<input type=hidden name="title" value="Here's the information you sent us">

return_link_title
Allows you to add a link to the bottom of the form results page to lead your visitors where you want them to go next. This is the text that will be used for the link; it must go with the "return_link_url" input field, which is explained after this.

<input type=hidden name="return_link_title" value="Back to Home Page">

return_link_url
Here is how you specify the link's URL that makes the above "return_link_title" text become a link on the form results page.

<input type=hidden name="return_link_url" value="http://yoursite.org/">

background
Allows you to choose a background image for the form results page (if you do not redirect the user to a new webpage).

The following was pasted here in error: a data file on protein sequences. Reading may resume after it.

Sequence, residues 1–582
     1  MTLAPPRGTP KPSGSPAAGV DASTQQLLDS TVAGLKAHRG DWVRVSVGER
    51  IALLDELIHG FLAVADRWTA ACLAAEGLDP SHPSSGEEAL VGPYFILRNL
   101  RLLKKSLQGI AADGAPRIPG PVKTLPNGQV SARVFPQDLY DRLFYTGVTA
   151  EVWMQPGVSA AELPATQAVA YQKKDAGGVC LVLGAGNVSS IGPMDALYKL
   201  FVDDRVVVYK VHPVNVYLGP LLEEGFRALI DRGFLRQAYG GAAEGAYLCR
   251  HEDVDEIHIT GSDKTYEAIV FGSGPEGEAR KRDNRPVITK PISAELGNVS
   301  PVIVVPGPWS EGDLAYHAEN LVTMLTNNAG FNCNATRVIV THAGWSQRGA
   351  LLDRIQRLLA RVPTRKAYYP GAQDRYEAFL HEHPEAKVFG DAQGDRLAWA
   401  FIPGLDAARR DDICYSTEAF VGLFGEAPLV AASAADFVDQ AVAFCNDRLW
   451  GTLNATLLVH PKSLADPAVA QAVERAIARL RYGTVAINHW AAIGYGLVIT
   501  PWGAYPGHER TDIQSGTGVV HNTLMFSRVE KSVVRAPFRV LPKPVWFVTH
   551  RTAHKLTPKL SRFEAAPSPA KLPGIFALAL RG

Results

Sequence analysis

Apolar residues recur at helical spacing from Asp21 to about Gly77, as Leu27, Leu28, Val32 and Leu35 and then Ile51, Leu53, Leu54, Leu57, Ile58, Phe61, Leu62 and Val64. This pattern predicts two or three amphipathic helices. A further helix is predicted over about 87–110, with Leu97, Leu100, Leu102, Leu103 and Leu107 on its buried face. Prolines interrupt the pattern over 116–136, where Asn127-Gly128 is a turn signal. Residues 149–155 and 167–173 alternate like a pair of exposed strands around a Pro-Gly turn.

<input type=hidden name="background" value="http://yoursite.org/yourimage.jpg">

bgcolor
Allows you to choose the background color for the form results page (if you do not redirect the user to a new webpage). This example will make it white:

<input type=hidden name="bgcolor" value="#FFFFFF">

text_color
Allows you to choose the text color on the form results page (if you do not redirect the user to a new webpage). This example will make the fonts black:

<input type=hidden name="text_color" value="#000000">

link_color
Allows you to choose the color of any links on the form results page (if you do not redirect the user to a new webpage). This example will make the links red:

<input type=hidden name="link_color" value="#FF0000">

vlink_color
Allows you to choose the color of visited links on the form results page (if you do not redirect the user to a new webpage). This example will make the visited links blue:

<input type=hidden name="vlink_color" value="#0000FF">

alink_color